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Bible Commentaries

The Expositor's Greek Testament
Luke 5

 

 

Verses 1-7

Luke 5:1-7. ἐπικεῖσθαι. In Mt. and Mk. (Matthew 4:18, Mark 1:16) the call of the four disciples took place when Jesus was walking alone. Here Jesus is surrounded by a crowd who pressed upon Him.— καὶ ἀκούειν, etc., and were hearing the word of God. The crowd, and their eagerness to hear the word of God (phraseology here secondary), serve in the narrative to explain the need of disciples (so Schanz and Hahn).— παρὰ τὴν λίμνην γ. The position of Jesus in speaking to the crowd was on the margin of the lake; called by Lk. alone λίμνη.


Verses 1-11

Luke 5:1-11. The call of Peter. This narrative, brought in later than the corresponding one in Mk., assumes larger dimensions and an altered character. Peter comes to the front, and the other three named in Mk., James, John and Andrew, retire into the shade; the last-named, indeed, does not appear in the picture at all. This, doubtless, reflects the relative positions of the four disciples in the public eye in the writer’s time, and in the circle for which he wrote. The interest gathered mainly about Peter: Christian people wanted to be told about him, specially about how he became a disciple. That interest had been felt before Lk. wrote, hence the tradition about his call grew ever richer in contents, till it became a lengthy, edifying story. Lk. gives it as he found it. Some think he mixes up the call with the later story told in John 21:1-8, and not a few critics find in his account a symbolic representation of Peter’s apostolic experience as narrated in the book of Acts. Such mixture and symbolism, if present, had probably found their way into the history before it came into Lk.’s hands. He gives it bonâ fide as the narrative of a real occurrence, which it may quite well be.


Verse 2

Luke 5:2. ἑστῶτα: two boats standing by the lake, not necessarily drawn up on shore, but close to land, so that one on shore could enter them. They had just come in from the fishing, and were without occupants, their owners having come on shore to clean their nets.


Verse 3

Luke 5:3. ἐμβὰς: this action of Jesus would be noticed of course, and would bring the owner to His side. It was Simon’s boat, the man whose mother-in-law, in Lk.’s narrative, had been healed of fever.— ἐπαναγαγεῖν, to put out to sea, here and in Luke 5:4 and Matthew 21:18 only.— ὀλίγον: just far enough to give command of the audience.— ἐδίδασκεν: this teaching from a boat took place again on the day of the parables (Matthew 13:2, Mark 4:1). But that feature does not appear in the corresponding narrative of Lk. (Luke 8:4). Did Peter’s call attract that feature from the later occasion in the tradition which Lk. followed?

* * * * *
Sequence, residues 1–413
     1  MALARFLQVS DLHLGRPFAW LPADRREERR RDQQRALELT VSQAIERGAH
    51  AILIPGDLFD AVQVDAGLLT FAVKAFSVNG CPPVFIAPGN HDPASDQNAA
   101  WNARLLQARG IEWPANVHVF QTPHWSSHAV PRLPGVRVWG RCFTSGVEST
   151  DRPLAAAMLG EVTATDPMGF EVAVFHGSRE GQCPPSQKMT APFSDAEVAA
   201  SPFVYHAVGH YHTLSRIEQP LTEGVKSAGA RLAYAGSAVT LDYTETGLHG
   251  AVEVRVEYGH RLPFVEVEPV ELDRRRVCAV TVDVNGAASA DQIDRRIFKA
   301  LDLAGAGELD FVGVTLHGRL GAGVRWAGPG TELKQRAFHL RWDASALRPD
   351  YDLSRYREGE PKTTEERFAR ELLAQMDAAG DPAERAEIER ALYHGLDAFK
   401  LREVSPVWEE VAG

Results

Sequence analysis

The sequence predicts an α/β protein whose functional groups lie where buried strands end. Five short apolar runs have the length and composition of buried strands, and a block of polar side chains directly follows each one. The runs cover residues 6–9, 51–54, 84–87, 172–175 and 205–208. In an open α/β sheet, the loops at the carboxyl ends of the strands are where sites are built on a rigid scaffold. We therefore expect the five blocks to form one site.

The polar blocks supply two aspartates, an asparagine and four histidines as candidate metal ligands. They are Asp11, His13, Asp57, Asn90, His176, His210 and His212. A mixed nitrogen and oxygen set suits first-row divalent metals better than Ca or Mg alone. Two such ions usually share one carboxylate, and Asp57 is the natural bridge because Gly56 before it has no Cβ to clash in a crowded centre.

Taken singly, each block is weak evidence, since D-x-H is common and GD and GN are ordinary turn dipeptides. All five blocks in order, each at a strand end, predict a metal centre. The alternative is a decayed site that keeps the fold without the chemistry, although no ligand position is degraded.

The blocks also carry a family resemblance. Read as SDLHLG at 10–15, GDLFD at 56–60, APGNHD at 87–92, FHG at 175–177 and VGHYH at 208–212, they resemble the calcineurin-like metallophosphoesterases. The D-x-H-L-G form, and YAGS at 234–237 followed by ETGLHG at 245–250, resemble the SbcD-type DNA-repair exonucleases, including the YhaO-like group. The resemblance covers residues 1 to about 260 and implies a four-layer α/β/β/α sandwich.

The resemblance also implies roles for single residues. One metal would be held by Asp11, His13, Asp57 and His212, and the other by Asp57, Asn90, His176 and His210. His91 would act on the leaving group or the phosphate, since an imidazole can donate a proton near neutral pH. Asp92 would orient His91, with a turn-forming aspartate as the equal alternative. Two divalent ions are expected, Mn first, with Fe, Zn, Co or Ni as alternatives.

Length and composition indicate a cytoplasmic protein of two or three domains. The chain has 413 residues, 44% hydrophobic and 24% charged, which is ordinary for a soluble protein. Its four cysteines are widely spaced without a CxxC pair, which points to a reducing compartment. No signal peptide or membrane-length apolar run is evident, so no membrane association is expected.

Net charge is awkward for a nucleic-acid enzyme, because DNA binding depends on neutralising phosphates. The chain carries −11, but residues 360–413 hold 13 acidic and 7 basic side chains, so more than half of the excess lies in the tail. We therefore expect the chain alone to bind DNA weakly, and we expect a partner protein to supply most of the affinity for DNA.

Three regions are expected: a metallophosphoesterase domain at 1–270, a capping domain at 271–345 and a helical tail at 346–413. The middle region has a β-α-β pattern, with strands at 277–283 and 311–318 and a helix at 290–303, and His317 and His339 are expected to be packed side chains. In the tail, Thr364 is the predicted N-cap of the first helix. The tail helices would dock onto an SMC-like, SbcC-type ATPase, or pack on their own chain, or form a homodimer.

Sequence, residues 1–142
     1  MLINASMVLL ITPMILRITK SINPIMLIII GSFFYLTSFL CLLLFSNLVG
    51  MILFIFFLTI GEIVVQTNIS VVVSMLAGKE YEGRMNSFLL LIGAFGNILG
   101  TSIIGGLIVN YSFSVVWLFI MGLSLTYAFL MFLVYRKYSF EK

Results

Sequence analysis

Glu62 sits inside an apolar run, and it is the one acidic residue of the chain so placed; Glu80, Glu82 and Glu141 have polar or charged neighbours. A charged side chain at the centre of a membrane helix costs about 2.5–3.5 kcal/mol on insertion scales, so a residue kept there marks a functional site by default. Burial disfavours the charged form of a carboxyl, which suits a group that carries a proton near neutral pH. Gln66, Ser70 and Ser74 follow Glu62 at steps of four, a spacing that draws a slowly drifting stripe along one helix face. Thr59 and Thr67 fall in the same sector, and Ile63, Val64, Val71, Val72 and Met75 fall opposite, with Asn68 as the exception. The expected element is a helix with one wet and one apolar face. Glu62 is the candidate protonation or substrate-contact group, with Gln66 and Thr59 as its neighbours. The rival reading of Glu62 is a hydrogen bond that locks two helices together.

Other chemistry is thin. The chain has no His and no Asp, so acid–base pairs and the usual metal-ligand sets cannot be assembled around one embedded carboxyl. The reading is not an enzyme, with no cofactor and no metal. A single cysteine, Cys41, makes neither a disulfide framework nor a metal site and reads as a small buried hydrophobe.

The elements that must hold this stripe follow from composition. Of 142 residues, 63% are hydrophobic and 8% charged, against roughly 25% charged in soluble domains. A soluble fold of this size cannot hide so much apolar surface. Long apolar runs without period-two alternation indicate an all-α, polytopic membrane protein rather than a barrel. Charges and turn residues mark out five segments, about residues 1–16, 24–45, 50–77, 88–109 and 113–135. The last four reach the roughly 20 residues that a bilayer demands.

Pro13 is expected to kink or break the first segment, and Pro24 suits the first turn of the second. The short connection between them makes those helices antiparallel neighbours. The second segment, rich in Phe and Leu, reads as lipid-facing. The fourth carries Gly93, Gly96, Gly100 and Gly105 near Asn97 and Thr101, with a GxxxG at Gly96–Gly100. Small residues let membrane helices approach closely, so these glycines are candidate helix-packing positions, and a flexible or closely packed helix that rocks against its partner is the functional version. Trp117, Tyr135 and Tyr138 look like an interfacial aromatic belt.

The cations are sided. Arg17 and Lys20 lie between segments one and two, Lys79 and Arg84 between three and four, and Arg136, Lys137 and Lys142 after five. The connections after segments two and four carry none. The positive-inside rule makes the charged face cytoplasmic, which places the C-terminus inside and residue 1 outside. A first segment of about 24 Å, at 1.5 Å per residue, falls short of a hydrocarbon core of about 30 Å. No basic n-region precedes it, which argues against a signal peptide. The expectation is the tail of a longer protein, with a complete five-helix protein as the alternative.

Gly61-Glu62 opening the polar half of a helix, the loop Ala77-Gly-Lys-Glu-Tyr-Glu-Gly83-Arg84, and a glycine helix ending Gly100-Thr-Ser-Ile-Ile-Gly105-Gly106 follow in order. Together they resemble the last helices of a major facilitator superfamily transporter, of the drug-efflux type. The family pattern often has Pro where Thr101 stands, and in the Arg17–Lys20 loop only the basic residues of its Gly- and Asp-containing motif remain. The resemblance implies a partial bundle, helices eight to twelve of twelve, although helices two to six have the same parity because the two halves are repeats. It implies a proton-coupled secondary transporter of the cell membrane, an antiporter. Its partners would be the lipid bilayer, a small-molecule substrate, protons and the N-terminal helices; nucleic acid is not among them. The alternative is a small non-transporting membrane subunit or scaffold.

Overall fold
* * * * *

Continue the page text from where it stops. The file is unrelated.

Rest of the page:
Verse 4

Luke 5:4. εἰς τὸ βάθος, into the deep sea, naturally to be found in the centre, inside the shelving bottom stretching inwards from the shore.— χαλάσατε. plural, after ἐπανάγαγε, singular; the latter addressed to Peter as the master, the former denoting an act in which all in the boat would assist. Bornemann (Scholia) gives instances of similar usage in classics.— ἄγραν, here and in Luke 5:9 only, in N. T.; in the first place may be used actively = for taking, in the second, passively = for a take. But the latter sense might suit both places. If so used here the word implies a promise (Hahn).


Verse 5

Luke 5:5. ἐπιστάτα: Lk.’s name for Jesus as Master, six times; a Greek term for Gentile readers instead of Rabbi = (1) Master, then (2) Teacher, “qui enim magistri doctrinae erant, ii magistri simul vitae esse solebant,” Kypke.— ἐπὶ τῷ ῥήματί σου, at Thy word or bidding. Success was doubly improbable: it was day, and in deep water; fish were got at night, and near shore. The order, contrary to probability, tempts to symbolic interpretation: the deep sea the Gentile world; Peter’s indirect objection symbol of his reluctance to enter on the Gentile mission, overcome by a special revelation (Acts 10). So Holtz., H. C.


Verse 6

Luke 5:6. διερήσσετο began to break, or were on the point of breaking; on the symbolic theory = the threatened rupture of unity though the success of the Gentile mission (Acts 15).


Verse 7

Luke 5:7. κατένευσαν, they made signs, beckoned, here only in N. T. ( ἐνένευον, Luke 1:62); too far to speak perhaps, but fishers would be accustomed to communicate by signs to preserve needful stillness (Schanz).— συλλαβέσθαι αὐτοῖς: this verb with dative occurs in Philippians 4:3 = to help one.— ὥστε, with infinitive = tendency here, not result.— βυθίζεσθαι, to sink in the deep ( βυθός), here only in O. or N. T. in reference to a ship; in 1 Timothy 6:9 in reference to rich men.


Verse 8